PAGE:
As you likely know by now, Stranger Than Fiction as you know it has been rebranded as Pure Nonfiction at IFC Center (our new home can be found at the link), so I wanted to drop a quick line to let you know that the Monday Memo also has a new home at DOC NYC, where I will continue to round-up the best in documentary news as a weekly newsletter. If you’d like to sign up for the new Monday Memo, you may do so here.
News broke mid-week that filmmaker Bill Siegel, Oscar nominated co-director of THE WEATHER UNDERGROUND and director of Emmy-winner THE TRIALS OF MUHAMMAD ALI, died at the age of 55 due to a heart attack that prior Saturday. Many of his colleagues wrote remembrances at the Kartemquin Films page, and Tom White collected a number of pieces on Siegel and his work at the IDA blog. Meanwhile, THE WEATHER UNDERGROUND co-director Sam Green shared the following on Instagram, “Bill was a lover of life and people and the world and probably got more pleasure from being alive than anyone I’ve ever known. Bill made a number of strong films, carried on deep and lifelong friendships, and also had two kids whom he loved and was thrilled by. The world will miss him badly.”
His friend and collaborator Dave Zirin also warmly remembered Siegel in The Nation, “Bill’s gift is so absolute that I’m pained not only by the loss of a friend and comrade but by the films we are not going to get to see. Bill’s next project was going to be ‘a new documentary that traced the history of the United States Information Agency and the creation of the US government’s internationally broadcast radio station Voice of America, which is regarded by some as a form of propaganda.’ I think Bill was going to use this topic to denounce so much of the bullshit that passes for news in 2018 and link the flooding of “fake news” with government propaganda that serves only the wealthy and powerful. The best possible tribute to Bill Siegel would be for us to pick up the baton and continue that work.”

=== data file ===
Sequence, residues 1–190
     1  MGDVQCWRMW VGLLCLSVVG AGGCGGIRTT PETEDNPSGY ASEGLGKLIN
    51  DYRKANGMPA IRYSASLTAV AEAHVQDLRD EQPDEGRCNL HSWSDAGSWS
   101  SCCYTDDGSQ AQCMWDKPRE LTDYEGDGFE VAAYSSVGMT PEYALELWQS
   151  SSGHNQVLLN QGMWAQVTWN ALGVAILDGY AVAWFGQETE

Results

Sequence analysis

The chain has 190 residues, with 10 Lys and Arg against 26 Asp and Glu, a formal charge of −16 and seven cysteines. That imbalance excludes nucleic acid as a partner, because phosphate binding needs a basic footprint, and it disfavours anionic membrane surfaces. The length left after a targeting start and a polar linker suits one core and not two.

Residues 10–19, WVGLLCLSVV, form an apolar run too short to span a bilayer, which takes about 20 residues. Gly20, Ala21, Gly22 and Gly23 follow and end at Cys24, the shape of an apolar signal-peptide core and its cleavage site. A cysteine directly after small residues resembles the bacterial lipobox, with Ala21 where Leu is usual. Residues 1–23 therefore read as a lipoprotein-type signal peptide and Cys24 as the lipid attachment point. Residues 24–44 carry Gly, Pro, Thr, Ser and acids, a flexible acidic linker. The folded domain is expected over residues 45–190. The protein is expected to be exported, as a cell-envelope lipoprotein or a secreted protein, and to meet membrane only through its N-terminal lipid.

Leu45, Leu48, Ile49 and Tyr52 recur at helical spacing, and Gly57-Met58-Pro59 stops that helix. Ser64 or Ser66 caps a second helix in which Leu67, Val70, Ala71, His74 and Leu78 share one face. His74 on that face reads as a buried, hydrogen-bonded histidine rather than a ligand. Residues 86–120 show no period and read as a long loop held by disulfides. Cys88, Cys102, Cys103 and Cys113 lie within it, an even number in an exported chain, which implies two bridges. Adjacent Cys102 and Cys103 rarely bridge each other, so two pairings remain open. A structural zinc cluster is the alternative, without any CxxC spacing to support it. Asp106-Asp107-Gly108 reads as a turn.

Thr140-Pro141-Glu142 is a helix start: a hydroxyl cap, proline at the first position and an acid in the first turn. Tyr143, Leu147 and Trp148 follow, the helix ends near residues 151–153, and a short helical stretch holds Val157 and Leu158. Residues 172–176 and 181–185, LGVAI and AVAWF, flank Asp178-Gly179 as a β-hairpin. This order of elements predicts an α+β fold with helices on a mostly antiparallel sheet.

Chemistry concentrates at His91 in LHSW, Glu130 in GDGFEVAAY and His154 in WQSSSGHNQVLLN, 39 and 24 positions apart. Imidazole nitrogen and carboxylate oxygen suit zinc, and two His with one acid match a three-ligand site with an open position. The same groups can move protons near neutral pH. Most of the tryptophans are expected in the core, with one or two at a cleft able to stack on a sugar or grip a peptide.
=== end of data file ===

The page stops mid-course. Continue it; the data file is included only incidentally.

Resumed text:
It should come as no surprise to anyone following the award season happenings that on Saturday night Bing Liu’s MINDING THE GAP was named Best Documentary at the 34th Annual IDA Documentary Awards at the Paramount Theatre in Los Angeles. Other honorees included Floyd Russ’s ZION (available via Netflix), which won Best Short, Chapman Way and Maclain Way’s WILD, WILD COUNTRY, which took home Best Limited Series, and Steve Loveridge’s MATANGI / MAYA / M.I.A., which won best Music Documentary.
Looking toward the Oscars, Addie Morfoot outlined in Variety how campaign budgets and the influx of participation from streaming services has drastically changed the documentary Oscar race. She begins, “There’s no denying the race for documentary Oscar has changed dramatically in the past decade and even more so in the past five years. The reason for the shift? Money…Netflix, Amazon and Hulu all have deep pockets and aren’t afraid to make that known during Oscar season. (This year Netflix and Hulu boast docs like SHIRKERS, MINDING THE GAP and CRIME + PUNISHMENT)”. In contrast, Christopher Campbell imagined at Nonfics what this year’s Golden Globe doc nominees might have been if the category existed.